Psalm 113; 1 Samuel 19:8–20:17; John 4:27–38

Psalm 113: This “praise psalm” opens with “Hallelujah,” which means “praise God,” followed immediately by the imperative command, “Praise, O servants of the Lord,/ praise arise the Lord’s name.” (1)

Praising God transcends time: “May the Lord’s name be blessed/ now and forevermore.” (2) Praising God also transcends space: “From the place where the sun rises to where it sets,/ praised be the name of the Lord.” (3)

NT Wright notwithstanding, this is one of those places where we get the impression that heaven is “up there” rather than right next to us in another dimension: “High over the nations, the Lord,/ over the heavens His glory.” (4) This “upthereness” is amplified in the next two verses as our psalmist asks rhetorically,
Who is like the Lord our God,
Who sits high above,
Who sees down below
in the heavens and on the earth?” (5,6)

But God does not just look down on earth, and as deists would have it, passively observe, God acts on his highest priority, the rescue of the poor and needy:
He raises the poor from the dust,
from the dungheap lifts the needy,
to seat him among the princes,
among the princes of his people.” (7, 8)

Notice how the act of lifting up the poor reflects this same verticality of God looking down from heaven. As God has lifted up the poor, and made men once again stand in honor among princes, so too, God acts domestically for women by eliminating her shame and bringing children into her life: “He seats the barren woman in her home/ a happy mother of sons.” (9) Yes, sons, since it was sons through which she would obtain honore. This is certainly to our culture but there was no greater honor in ancient cultures than for a mother to bear sons.

1 Samuel 19:8–20:17: Saul’s forbearance in agreeing not to kill David is short lived and he attempts to kill David with his spear as the younger man plays music. Sauk remains determined: “Saul sent messengers to David’s house to keep watch over him, planning to kill him in the morning.” (19:11) David’s loving wife, helps Michal him escape and then places an (apparently life-sized) idol in David’s bed to fool the messengers. Saul demands to know why his daughter allowed David to escape but she replies with the ruse that her own life was in danger: “Michal answered Saul, “He said to me, ‘Let me go; why should I kill you?’” (17). Clever woman.

David flees to Ramah and joins Samuel. Saul finds out and sends messengers to Ramah to capture David. However, “the spirit of God came upon the messengers of Saul, and they also fell into a prophetic frenzy.” (20) The prophetic frenzy happens again with the next set of messengers. Finally, Saul himself comes and “he too stripped off his clothes, and he too fell into a frenzy before Samuel. He lay naked all that day and all that night.” (24) For the moment we leave Saul lying naked in the dirt at Ramah.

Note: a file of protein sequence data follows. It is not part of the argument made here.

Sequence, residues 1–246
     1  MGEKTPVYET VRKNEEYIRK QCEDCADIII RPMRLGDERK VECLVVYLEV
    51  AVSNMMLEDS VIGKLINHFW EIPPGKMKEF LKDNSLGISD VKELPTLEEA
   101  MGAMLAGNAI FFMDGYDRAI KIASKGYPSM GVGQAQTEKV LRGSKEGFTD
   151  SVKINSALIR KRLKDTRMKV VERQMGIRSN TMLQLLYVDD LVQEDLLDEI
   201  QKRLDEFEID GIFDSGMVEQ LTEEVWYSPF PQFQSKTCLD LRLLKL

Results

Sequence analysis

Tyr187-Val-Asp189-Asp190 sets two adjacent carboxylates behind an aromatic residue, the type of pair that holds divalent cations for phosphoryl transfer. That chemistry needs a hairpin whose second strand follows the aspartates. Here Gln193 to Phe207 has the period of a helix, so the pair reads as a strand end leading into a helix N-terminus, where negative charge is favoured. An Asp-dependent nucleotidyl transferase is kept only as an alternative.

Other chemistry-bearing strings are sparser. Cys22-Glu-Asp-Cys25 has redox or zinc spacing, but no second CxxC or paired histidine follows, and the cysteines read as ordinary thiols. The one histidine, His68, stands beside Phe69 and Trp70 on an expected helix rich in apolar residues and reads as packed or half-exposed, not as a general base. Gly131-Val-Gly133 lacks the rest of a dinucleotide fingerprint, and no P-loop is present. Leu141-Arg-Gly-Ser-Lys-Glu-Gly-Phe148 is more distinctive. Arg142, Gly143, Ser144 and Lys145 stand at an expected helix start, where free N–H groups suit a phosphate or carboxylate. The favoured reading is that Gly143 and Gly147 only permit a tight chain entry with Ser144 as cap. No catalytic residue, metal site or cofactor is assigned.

David seeks out Jonathan and asks in desperation,“What have I done? What is my guilt? And what is my sin against your father that he is trying to take my life?” (20:1) Jonathan is unaware of his father’s plan even though he thinks Saul tells him everything. David arranges to fail to arrive at the mandatory ‘new moon dinner,’ at court. He tells Jonathan that he should tell his father when asked that David is missing from dinner because is in Bethlehem for a family gathering. If Saul reacts angrily, Jonathan will know that Saul is out to kill David.

David asks Jonathan, “Who will tell me if your father answers you harshly?” (11) Jonathan says that if David hasn’t heard anything from Jonathan after three days, the coast is clear. Regardless of whatever happens, Jonathan swears lifelong fealty to David, and begs, “never cut off your faithful love from my house, even if the Lord were to cut off every one of the enemies of David from the face of the earth.” (15) Jonathan’s vow is reciprocated when he “made David swear again by his love for him; for he loved him as he loved his own life.” (17) The story of david and Jonathan is the story of intense friendship and doubtless an origin of Jesus’ saying, “ No one has greater love than this, to lay down one’s life for one’s friends.” (John 15:13)

Nevertheless, this story is really getting operatic. No wonder Charpentier wrote a now obscure five-act  opera in 1688, “David et Jonathas.”

John 4:27–38: Jesus’ disciple arrive in the midst of Jesus’ discourse with the Samaritan woman but they (happily) hold their tongues. The woman returns home and famously says, “Come and see a man who told me everything I have ever done! He cannot be the Messiah, can he?” (29) The crowd begins to return to where Jesus is.

In the meantime, the disciples plead with Jesus to eat something. In a reflection of his discourse on “living water,” our gospel writer amplifies Jesus simultaneous corporeality and spirituality when Jesus responds, “My food is to do the will of him who sent me and to complete his work.” (34) At this point we are to understand that while there is physical water and food to meet out needs, Jesus is our spiritual water and food, which is equally crucial as actual water and food to our existence.

Rather than having supper, Jesus extends his comments about metaphorical food to the metaphorical harvest: “But I tell you, look around you, and see how the fields are ripe for harvesting.” (35)  Jesus is the sower, but his disciples—and be extension, the church—are the reapers: “I sent you to reap that for which you did not labor. Others have labored, and you have entered into their labor.” (38)

We need to remember that we are not the ones who labor for the harvesting of other souls. That is the work of the Holy Spirit. We are merely the essential catalyst for the Spirit’s work.



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